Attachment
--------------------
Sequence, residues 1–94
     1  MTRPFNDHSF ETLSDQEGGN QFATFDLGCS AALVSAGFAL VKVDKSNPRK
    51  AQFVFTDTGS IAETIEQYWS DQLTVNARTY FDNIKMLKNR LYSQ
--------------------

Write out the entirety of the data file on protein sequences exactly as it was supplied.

Sequence, residues 1–94
     1  MTRPFNDHSF ETLSDQEGGN QFATFDLGCS AALVSAGFAL VKVDKSNPRK
    51  AQFVFTDTGS IAETIEQYWS DQLTVNARTY FDNIKMLKNR LYSQ